Scajola says Italy needs eight to 10 European Pressurized Reactors (EPR), known as improved third-generation plants.
But analysts ask how utilities would fund this and what delays might arise from wrangling over whether the sector would be overseen by an independent regulator or a government agency.
The Italian and French media said the cooperation pact would involve Italy's dominant power utility, Enel, taking a 12.5 percent stake in France's second EPR reactor.
Enel already owns a 12.5 percent stake in France's first EPR which is being built at Flamanville in northwest France and will be operated by French power giant EDF.
In turn, EDF could take part in a joint venture with Enel in Italy to build a nuclear plant.
Sarkozy told Italian newspaper La Stampa in an interview published on Tuesday that EDF and Enel "will constitute two components of the trans-Alpine energy axis we're launching".
Sergei Kiriyenko, visiting head of Russia’s nuclear agency, Rosatom told reporters at Bushehr that the construction of the plant was now complete. “The construction stage of the nuclear power plant is over, we are now in the pre-commissioning stage, which is a combination of complex procedures,” he said. Mohsen Shirazi, spokesman of the atomic energy agency said dummy fuel rods were now being inserted in the reactor as part of the comprehensive tests that were scheduled. He said virtual fuel made of lead, which was designed to imitate nuclear fuel was being loaded in the plant.
“Virtual fuel which does not have uranium will be loaded in the core of the reactor,” the deputy head of Iran’s Atomic Energy Organisation, Mohammad Saeedi, told Iranian state television. “The main units, especially the primary circuit, back-up systems and sub-units are tested to remove any failure that could happen in the commissioning stage,” he said.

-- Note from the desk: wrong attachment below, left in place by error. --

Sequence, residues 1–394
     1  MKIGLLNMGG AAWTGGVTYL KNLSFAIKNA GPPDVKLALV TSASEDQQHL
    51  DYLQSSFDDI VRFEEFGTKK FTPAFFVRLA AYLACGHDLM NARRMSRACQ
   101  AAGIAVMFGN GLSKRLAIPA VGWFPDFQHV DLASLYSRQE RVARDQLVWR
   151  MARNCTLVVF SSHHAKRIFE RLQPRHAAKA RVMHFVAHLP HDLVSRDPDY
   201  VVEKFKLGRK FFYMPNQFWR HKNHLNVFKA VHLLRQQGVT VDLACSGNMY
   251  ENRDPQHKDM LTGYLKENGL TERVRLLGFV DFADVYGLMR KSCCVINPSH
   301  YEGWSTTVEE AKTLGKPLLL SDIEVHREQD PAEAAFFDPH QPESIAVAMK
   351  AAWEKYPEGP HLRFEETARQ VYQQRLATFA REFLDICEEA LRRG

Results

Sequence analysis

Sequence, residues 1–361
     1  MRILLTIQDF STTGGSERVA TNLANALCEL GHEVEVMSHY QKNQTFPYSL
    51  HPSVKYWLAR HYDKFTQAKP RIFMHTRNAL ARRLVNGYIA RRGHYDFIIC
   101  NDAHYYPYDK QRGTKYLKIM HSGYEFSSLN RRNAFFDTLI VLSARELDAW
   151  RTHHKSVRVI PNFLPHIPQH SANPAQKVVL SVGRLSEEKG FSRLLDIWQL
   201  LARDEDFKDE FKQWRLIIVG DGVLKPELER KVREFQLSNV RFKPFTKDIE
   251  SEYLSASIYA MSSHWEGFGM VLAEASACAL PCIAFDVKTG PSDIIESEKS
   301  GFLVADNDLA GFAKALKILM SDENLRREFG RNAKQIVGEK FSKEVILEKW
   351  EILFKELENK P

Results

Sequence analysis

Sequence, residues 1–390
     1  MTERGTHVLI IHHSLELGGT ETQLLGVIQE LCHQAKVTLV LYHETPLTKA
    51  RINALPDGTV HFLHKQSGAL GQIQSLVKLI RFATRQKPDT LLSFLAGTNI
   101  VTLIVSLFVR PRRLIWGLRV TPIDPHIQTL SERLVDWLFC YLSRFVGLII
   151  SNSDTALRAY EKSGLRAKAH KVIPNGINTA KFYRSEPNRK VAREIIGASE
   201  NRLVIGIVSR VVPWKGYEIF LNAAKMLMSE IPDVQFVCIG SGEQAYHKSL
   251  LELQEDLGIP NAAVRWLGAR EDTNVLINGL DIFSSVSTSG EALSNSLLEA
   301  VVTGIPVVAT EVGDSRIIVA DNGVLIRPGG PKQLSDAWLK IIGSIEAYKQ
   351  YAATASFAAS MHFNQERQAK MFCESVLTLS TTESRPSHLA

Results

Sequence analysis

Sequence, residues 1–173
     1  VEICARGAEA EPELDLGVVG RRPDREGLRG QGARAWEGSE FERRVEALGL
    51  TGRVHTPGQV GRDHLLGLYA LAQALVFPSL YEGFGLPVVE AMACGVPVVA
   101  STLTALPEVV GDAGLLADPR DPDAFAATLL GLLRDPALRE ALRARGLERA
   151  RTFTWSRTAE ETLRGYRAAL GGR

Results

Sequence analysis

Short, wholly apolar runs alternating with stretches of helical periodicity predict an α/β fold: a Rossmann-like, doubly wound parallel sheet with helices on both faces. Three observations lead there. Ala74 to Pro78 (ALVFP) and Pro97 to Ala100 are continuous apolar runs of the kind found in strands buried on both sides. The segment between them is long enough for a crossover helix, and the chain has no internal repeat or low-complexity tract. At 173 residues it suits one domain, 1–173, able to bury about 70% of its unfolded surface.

Iran is building the Bushehr facility with Russian help under a $1-billion contract.
(Source: The Hindu)
Wednesday, February 25, 2009
Green Party leaders in the UK have attempted to reign in a growing split within the party over the role of nuclear power in tackling climate change.
This week saw a prospective Parliamentary candidate for the Party revealing that he was now "reluctantly" supporting new nuclear power stations because of growing concerns about climate change.
Chris Goodall, now facing calls to be deselected as Green candidate for the Oxford West and Abingdon constituency, wrote a column in the Independent on Monday where he also raised his concerns with the growing economic incentive to use coal power.
In response, the leader of the Green Party in the UK, Caroline Lucas, said: "There is no need for anyone to panic themselves into thinking nuclear power is a possible solution to climate change."
Ms Lucas, MEP for South East England, said: "Of course the government and the nuclear lobbyists will try to use fear of climate change to divide the Green movement and argue for nuclear power. But we must hold our nerve."
Speaking to New Energy Focus today, sources working in Brussels suggested the growing split over the nuclear question was not confined to Britain, but was becoming a major conflict area.
"The stance against nuclear had always been the one issue that they all agreed on," said one source close to the Greens in the EU. "But now, some of them are questioning that, with the growing concern about climate change."
Greens around the world are now asking whether the global movement is right to take a "rigid" stance against nuclear power. The movement has its roots among anti-nuclear protest groups in the 1970s.